In addition to its Life Span Study, RERF also collected information on the black rain as part of its shielding survey of atomic bomb survivors. The shielding survey was conducted from 1954 through 1965, but interviews on the black rain were concluded at the end of 1958.

There are about 20,000 items of data on Hiroshima and 8,000 on Nagasaki. The data related to Hiroshima reveals that about 1,200 people were exposed to the atomic bombing and the subsequent black rain more than 1,600 meters from the hypocenter of the bombing. The 39-year-old report attempted to analyze the black rain based on details such as the size, color and force of the raindrops, the time the rain began to fall, how long it continued, whether or not the person was wearing a hat and, if so, what type of hat.

On November 21 Toshiteru Okubo, chairman of RERF, and other members of the staff held a press conference at which they said that the data was collected not to analyze the black rain but in reply to supplemental questions to serve as a reference for the Life Span Study. RERF said large deviations were found after the figures were tabulated and that they have little scientific value. They added that the data had probably been assessed in that way in the past and that it had not been intentionally concealed.

Even if that is the case, where were the 13,000 people exposed to the black rain? If the data were released, a new map of the area in which the black rain fell could be prepared. And the effects of the black rain could perhaps be further clarified through a cross analysis of the Life Span Study data and the data on black rain experiences as well as the 14 acute symptoms included in the survey such as hair loss, diarrhea and fever.

“Reanalysis needed”

Recently new scientific findings on the black rain have also been reported.

Masashi Baba, an instructor at Hiroshima City University’s Graduate School of Information Sciences, has analyzed photographs taken of the entire A-bombing’s mushroom cloud. By comparing these photos with the geography and other features, he has estimated that the height of the mushroom cloud was approximately 16 km above the ground. This is twice as high as the 8 km estimated by the Panel of Experts on Black Rain, assembled by Hiroshima Prefecture and the City of Hiroshima from 1988 to 1991. The fact that the cloud was tall suggests that the radioactive materials may have soared higher into the air and fallen over a wider area.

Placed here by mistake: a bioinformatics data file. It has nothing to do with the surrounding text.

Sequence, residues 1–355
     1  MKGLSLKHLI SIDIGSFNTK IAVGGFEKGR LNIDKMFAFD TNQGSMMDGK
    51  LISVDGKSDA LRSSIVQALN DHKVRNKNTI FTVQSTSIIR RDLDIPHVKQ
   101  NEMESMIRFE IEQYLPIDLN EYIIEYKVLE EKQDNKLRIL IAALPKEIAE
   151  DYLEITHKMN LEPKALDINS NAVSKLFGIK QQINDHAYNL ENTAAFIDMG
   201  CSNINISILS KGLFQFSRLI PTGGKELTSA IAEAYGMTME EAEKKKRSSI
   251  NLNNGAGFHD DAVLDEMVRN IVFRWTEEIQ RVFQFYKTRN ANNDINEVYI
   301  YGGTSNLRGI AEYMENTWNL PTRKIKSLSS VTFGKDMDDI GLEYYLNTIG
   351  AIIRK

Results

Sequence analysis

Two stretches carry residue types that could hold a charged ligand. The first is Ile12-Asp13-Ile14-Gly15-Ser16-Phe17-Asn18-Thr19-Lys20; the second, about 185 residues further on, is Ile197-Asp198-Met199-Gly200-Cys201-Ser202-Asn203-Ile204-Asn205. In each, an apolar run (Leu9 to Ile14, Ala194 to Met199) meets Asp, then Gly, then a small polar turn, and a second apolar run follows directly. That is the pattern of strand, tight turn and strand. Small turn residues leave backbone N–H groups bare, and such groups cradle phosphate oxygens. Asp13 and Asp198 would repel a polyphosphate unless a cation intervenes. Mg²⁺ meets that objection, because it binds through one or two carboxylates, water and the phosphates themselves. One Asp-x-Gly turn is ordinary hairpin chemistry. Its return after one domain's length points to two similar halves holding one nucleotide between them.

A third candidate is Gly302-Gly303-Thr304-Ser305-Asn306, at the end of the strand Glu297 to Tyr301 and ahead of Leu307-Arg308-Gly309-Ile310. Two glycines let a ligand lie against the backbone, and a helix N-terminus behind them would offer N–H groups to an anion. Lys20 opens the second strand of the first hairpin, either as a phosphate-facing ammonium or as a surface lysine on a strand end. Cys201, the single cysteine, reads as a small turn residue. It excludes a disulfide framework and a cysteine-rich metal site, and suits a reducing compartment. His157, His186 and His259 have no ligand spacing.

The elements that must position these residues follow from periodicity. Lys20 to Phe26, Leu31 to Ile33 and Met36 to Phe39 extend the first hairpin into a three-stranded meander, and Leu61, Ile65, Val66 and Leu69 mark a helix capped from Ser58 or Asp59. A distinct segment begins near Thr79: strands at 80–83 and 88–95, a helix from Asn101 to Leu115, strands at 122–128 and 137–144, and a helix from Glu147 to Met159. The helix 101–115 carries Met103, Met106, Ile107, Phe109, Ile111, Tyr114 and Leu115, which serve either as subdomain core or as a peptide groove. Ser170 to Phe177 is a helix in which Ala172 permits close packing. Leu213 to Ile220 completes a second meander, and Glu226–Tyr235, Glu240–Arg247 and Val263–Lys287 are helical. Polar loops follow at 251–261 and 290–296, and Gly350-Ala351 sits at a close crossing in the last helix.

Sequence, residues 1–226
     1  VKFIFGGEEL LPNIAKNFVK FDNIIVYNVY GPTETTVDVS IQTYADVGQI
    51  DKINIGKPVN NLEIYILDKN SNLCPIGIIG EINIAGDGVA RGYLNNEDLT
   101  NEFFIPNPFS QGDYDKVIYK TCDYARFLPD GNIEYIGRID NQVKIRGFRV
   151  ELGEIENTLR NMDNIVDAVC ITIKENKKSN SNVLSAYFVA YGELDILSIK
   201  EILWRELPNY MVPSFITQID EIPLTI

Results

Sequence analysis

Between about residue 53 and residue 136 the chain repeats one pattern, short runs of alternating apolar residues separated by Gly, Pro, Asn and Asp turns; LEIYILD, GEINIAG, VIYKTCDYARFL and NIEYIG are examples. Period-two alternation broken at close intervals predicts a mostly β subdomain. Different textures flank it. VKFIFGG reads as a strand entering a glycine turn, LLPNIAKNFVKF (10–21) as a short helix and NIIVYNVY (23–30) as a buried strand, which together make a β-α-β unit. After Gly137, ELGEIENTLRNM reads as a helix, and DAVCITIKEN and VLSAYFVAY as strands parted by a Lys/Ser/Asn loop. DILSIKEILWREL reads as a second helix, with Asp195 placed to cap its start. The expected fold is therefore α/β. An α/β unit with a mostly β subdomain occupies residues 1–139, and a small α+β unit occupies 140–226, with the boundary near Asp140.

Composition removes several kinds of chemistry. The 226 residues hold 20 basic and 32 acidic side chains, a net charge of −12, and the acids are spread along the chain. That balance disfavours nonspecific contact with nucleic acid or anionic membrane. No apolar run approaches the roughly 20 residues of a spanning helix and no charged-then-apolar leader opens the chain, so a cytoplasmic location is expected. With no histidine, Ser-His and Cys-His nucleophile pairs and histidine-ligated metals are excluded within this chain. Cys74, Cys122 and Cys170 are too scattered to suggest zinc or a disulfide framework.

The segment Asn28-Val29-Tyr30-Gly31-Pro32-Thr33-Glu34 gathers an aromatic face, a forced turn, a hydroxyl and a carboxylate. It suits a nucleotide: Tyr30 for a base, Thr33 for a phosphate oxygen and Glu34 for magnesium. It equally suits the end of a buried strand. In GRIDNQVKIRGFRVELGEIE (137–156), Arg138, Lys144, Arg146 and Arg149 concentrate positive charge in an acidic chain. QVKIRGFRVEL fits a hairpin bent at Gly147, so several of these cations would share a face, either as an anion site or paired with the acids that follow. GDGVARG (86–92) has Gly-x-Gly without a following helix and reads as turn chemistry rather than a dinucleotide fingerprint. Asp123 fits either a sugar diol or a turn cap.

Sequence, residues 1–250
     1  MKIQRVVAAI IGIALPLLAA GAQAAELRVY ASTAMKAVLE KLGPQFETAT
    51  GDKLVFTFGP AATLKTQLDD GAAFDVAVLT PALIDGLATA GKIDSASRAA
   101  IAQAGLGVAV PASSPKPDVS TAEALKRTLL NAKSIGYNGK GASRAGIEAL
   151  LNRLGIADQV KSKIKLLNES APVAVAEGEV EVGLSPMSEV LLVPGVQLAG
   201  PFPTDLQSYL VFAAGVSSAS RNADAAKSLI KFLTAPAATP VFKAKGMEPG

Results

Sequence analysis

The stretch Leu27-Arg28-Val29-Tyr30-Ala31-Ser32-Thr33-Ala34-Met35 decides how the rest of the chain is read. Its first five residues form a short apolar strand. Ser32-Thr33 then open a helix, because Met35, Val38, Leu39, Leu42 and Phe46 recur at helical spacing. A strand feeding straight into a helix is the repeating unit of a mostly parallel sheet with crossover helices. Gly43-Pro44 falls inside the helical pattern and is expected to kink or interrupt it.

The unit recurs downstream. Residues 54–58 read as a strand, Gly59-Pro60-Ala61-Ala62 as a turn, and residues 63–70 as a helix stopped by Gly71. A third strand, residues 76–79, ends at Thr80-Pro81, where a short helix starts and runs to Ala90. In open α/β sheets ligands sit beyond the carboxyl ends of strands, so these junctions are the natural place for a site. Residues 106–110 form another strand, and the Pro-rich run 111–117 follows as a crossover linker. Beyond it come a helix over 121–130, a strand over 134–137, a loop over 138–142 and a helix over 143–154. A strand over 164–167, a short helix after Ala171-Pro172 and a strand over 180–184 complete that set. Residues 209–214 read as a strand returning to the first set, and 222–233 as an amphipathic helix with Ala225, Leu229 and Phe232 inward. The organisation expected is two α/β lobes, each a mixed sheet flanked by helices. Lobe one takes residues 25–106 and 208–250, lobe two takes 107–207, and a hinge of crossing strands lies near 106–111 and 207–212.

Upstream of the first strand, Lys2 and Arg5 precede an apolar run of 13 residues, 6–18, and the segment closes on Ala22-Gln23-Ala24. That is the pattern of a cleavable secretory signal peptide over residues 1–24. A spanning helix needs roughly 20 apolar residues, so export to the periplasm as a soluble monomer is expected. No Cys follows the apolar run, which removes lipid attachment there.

In 2008 the city, prefecture and other agencies conducted a survey of approximately 37,000 people. Believing it was highly likely that the black rain fell over an area much wider than that currently designated for assistance, they have asked the central government to expand the designated area. A government panel of various experts is currently debating the issue.

Megu Otaki, a professor of statistics at Hiroshima University's Research Institute for Radiation Biology and Medicine, analyzed the data on the black rain from the survey conducted by the prefecture and the city. “RERF needs to incorporate the data from these 13,000 people into the Life Span Study and conduct a reanalysis of all of the data,” he said. “That’s how significant this data is.”


Black rain
Dust and soot containing radioactive materials mixed with water droplets in the air to form the black rain, which fell just after the atomic bombing. In 1976 the central government designated a “heavy rain area” in which hard rain fell over a long period. This area is approximately 19 km long and 11 km wide. People who were exposed to the black rain in this so-called Health Examination Special Designated Area are entitled to receive free health checkups and can obtain an Atomic Bomb Survivor's Certificate if they have developed certain diseases, such as cancer and cirrhosis of the liver. On the other hand, people who were in the “light rain area” are not eligible for free checkups.

Shielding survey
A shielding survey was conducted to determine the amount of radiation received by those who were directly exposed to the bombing. The survey was conducted by interviewing survivors about their situations at the time of the bombing. In these interviews the location of the survivors at the time of the bombing was confirmed on a map and the amount of radiation blocked by buildings, the topography, etc. was studied. A floor plan of the building was prepared in the case of those who were indoors. The study attempted to shed light on the diminution in the amount of radiation based on the roofing and other building materials as well as the survivor’s position at the time of the blast.

(Originally published on December 5, 2011)